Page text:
Birthdate: June 9, 1933
Birth Place: Meridian, CA, United States
Residence: Fort Yukon, AK
First Elected: 1973
District: At Large
Don Young was born in Meridian, Calif., and currently lives in Fort Yukon, Alaska. He attended Yuba Junior College and earned a bachelor's degree from California State University-Chico.
Young was elected mayor of Fort Yukon in 1964. He was elected to the state House two years later, serving two terms, and to the state Senate in 1970.
Young was the Republican candidate in the general election in 1972 against incumbent U.S. Rep. Nick Begich. Three weeks before the election, Begich's plane disappeared on a flight from Anchorage to Juneau. Alaskans re-elected Begich anyway.
Begich was declared dead in December 1972 and Young won a close special election in March 1973 and has held the seat since.
Young and his late wife, Lu, have two daughters.
Don Young has already said if he wins re-election to the U.S. House in November 2012, he would seek another term in 2014, when he would be 81 years old.
Young has served as Alaska's lone U.S. House member since 1973, and continues to enjoy widespread popularity in Alaska, having won 79 percent of the vote in the August 2012 Republican primary. He will face Democratic state Rep. Sharon Cissna in the November general election.
Young has remained an unabashed supporter of earmarks, which critics see as pork but Young sees as important for a state like Alaska, which is huge geographically and has communities ranging from big cities to tiny villages.
As one of the House negotiators on a highway bill in June 2012, he said he "saved" the Alaska Railroad by securing critical funding and made permanent funding for the Alaska ferry system.
He said there are things you can do in Washington, in spite of a ban on earmarks, to fund projects _ but it's a matter of knowing how Congress works.
Young has been touched by scandal. Just weeks before the August 2010 primary, Young announced that federal prosecutors had decided not to pursue an investigation of him over connections to an Alaska businessman convicted of bribing state lawmakers. He has said nothing more about the matter.
The Republican spent more than $1 million in legal fees and stepped down in 2009 as the lead Republican in a powerful committee. He said it was to focus on clearing his name in a corruption investigation; he denied any wrongdoing. He said he was making the decision for the good of the Republican Party and called it a temporary move.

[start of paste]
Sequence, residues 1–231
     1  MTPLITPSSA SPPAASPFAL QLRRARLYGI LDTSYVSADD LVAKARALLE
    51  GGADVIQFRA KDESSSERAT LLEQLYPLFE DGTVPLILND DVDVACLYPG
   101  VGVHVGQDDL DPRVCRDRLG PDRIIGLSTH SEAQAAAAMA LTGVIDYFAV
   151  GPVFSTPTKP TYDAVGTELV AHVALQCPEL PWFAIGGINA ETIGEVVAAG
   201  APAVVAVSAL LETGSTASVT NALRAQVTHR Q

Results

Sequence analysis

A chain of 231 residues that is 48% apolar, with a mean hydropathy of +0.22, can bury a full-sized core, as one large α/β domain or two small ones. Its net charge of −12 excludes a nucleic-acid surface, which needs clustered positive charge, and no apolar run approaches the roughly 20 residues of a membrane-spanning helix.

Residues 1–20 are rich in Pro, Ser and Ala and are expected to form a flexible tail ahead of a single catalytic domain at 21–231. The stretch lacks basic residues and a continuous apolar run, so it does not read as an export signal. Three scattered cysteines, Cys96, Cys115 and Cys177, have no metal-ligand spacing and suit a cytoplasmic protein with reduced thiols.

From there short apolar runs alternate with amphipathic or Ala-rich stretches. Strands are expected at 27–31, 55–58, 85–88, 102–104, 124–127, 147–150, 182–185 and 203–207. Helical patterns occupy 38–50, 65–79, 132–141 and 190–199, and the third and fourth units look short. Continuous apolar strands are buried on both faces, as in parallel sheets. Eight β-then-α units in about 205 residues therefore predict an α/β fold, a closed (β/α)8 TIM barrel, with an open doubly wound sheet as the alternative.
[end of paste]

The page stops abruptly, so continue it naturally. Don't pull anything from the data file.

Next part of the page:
In December 2011, the U.S. House Ethics Committee concluded that Young did not receive improper donations to a legal defense fund. But it said it was revising its rules to impose new contribution limits on owners who run multiple companies. The nonpartisan Office of Congressional Ethics had asked the committee to review the case after its board found substantial reason to believe Young had accepted contributions exceeding the $5,000 limit for any individual or organization for a calendar year.
Young brands himself a conservative and has won votes over the years with strong support for gun and hunting rights and a strong military. He has made a career out of railing against "extreme environmentalists" and an oppressive federal bureaucracy that locks up Alaska's mineral, timber and petroleum resources.
But he has strayed from the stereotype with his vote supporting the Omnibus Public Land Management Act, signed in March 2009 by President Barack Obama. That bill adds two million acres of land to the federal wilderness system, and includes a land swap that transfers more than 61,000 acres to the federal government in exchange for allowing Alaska to build an airport access road through the Izembek National Wildlife Refuge.
One former aide for Young, Mark Zachares, pleaded guilty to conspiracy for accepting $30,000 of tickets from congressional influence peddler Jack Abramoff.
Source: Associated Press